Analysis-Turkey's Erdogan cruising, challenger scrambling toward runoff election

By Orhan Coskun and Jonathan Spicer

ANKARA (Reuters) - President Tayyip Erdogan will appeal to a "kingmaker" third candidate as he manoeuvres to seal victory in Turkey's runoff election, after the initial vote dashed his challenger Kemal Kilicdaroglu's hopes of a swift win.

Erdogan's strong performance on Sunday gave him 49.4% of the vote, well ahead of Kilicdaroglu on 45% and just shy of the 50% threshold for outright victory, shattering opinion polls that had suggested his 20-year reign was about to end.

With two additional weeks of campaigning ahead, interviews with nearly a dozen officials from both camps painted starkly different pictures.

Erdogan's side was confident that a deal could be made with Sinan Ogan, the nationalist third candidate who garnered 5.2% of the vote, in order to prevail comfortably in the runoff on May 28.

Meanwhile Kilicdaroglu's side - which pledges to roll back Erdogan's increasingly authoritarian rule and restore democratic checks in the country of 85 million - was in shock at the poor result and scrambling to rethink strategy.

His six-party alliance did not attract as many nationalist voters as expected, partly due to support for Kilicdaroglu's candidacy from a large pro-Kurdish party, the officials said.

Kilicdaroglu "needs to restructure his own strategy completely", said a senior official from the opposition alliance.

A high-level official from Erdogan's ruling AK Party said: "Our chances in the second round are very, very high. Ogan now holds the key."

In an interview on Monday, Ogan told Reuters he could only support Kilicdaroglu in the runoff if he agreed to offer no concessions to the pro-Kurdish Peoples' Democratic Party (HDP), which ran under the Green Left party banner in Sunday's parliamentary election.

Both Erdogan and Kilicdaroglu are expected to meet Ogan in person in the coming days. Given their conservative views, Erdogan and Ogan are seen as easier allies, even though the president's alliance includes a small Islamist Kurdish party that Ogan also opposes.

"Ogan is the kingmaker for the second round and he said he would negotiate with both parties... but Erdogan has more to offer," said Hakan Akbas, managing director of Strategic Advisory Services, an Istanbul-based political consultancy.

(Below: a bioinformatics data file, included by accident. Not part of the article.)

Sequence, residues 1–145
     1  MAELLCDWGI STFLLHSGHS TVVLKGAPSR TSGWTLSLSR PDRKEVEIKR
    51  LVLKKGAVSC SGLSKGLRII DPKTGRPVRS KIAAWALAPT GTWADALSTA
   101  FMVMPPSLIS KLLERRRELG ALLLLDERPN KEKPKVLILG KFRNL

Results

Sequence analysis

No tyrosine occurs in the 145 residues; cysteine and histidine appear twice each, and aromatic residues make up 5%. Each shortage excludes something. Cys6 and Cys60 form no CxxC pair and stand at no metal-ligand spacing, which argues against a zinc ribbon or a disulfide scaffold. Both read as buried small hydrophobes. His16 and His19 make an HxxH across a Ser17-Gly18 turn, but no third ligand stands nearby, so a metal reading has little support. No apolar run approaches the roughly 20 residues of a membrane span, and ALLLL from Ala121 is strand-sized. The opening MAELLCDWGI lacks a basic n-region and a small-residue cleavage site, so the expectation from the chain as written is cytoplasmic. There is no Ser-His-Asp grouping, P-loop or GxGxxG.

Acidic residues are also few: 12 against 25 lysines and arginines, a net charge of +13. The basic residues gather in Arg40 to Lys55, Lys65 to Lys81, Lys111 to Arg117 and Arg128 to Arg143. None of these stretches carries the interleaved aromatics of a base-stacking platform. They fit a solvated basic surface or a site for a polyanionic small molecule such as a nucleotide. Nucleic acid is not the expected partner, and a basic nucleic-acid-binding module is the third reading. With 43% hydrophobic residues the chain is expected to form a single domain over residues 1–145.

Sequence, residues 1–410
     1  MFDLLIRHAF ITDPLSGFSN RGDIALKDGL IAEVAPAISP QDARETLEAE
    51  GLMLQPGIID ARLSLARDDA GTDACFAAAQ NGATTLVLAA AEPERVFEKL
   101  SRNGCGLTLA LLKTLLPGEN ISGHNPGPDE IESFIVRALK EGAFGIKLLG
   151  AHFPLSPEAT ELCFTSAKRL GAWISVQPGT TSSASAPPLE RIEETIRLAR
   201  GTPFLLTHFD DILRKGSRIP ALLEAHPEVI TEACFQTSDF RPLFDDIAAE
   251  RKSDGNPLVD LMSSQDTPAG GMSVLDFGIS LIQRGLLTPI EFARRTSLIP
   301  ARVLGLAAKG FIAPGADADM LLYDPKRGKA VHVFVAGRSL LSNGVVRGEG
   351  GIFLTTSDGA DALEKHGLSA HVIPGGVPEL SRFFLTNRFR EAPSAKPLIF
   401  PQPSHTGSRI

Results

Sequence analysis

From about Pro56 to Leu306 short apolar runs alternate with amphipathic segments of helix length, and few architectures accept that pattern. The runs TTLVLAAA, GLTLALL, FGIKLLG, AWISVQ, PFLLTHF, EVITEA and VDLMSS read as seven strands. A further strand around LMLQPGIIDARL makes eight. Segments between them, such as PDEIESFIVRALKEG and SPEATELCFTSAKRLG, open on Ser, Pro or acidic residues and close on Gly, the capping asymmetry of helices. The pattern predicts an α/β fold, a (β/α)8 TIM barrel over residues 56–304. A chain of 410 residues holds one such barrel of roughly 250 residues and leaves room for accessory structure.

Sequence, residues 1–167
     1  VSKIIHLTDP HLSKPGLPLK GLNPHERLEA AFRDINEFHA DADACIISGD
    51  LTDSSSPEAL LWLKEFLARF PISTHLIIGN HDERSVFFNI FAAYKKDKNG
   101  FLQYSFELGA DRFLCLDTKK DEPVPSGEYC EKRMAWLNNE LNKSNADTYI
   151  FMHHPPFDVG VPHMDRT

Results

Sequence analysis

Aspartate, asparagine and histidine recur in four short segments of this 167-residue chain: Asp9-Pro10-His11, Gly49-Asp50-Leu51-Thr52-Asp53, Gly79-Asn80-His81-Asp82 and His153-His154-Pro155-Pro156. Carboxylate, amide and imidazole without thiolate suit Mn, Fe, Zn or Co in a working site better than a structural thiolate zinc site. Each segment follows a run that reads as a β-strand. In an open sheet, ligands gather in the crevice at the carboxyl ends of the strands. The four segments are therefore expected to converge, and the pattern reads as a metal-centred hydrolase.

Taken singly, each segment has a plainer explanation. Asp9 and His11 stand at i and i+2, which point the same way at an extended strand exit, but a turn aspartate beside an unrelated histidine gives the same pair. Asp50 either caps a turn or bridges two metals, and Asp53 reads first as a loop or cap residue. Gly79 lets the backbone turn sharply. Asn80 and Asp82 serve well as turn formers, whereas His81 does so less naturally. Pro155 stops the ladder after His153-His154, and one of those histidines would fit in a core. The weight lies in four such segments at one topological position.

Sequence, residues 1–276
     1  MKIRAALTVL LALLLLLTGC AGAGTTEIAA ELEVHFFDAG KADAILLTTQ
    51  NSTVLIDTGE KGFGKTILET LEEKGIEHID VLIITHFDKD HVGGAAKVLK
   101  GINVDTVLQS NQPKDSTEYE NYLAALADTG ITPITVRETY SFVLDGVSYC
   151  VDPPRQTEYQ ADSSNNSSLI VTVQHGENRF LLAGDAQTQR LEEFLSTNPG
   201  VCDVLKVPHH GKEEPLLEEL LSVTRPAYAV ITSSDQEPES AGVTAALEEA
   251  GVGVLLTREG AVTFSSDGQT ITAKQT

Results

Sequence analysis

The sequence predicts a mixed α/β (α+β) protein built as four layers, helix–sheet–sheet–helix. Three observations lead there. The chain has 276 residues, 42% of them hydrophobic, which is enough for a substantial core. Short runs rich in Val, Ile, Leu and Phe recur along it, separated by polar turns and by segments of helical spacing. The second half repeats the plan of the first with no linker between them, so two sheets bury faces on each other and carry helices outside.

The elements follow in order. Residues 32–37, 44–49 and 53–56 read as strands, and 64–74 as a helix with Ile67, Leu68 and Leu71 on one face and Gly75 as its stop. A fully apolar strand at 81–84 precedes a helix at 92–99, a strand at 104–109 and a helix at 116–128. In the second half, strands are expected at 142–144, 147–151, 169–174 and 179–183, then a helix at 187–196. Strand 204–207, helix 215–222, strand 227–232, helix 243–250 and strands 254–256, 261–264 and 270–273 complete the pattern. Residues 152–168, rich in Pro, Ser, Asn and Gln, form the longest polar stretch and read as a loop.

The prospect of Erdogan's rule entering a third decade will disappoint civil rights activists.

It would encourage Moscow, an important ally of Ankara, and unnerve Washington, European capitals and many Middle Eastern leaders who had troubled relations with the Turkish president.

His strong election showing came even as his unorthodox low interest-rate policies sparked a series of currency crashes in recent years and a cost-of-living crisis as inflation soared above 85% last year.

Further boosting Erdogan's prospects, his ruling alliance surprised analysts by winning a clear majority in Turkey's new parliament, including from voters in the southeast region devastated by February's earthquakes that killed more than 50,000 and left millions homeless.

He will now tell voters that backing him would help usher in five more years of stable government, the officials said.

"His motto will be: if you vote for Kilicdaroglu he will be a lame duck," said another senior opposition official who acknowledged a tough road ahead.

The nationalist IYI Party, the second-largest in Kilicdaroglu's alliance, received a disappointing 9.75% support in the parliamentary vote. The Kurdish Green Left party, which won 8.8% of the vote, is not in the main opposition alliance.

A third opposition official said Erdogan succeeded in "frightening and shifting some centrist-nationalist voters to his side" with claims, made without providing evidence, that the outlawed Kurdistan Workers Party (PKK) was backing Kilicdaroglu.

"We have two weeks. We need a quick recovery (in support for the opposition candidate)," the person added.

(Reporting by Orhan Coskun and Jonathan Spicer; Editing by Gareth Jones)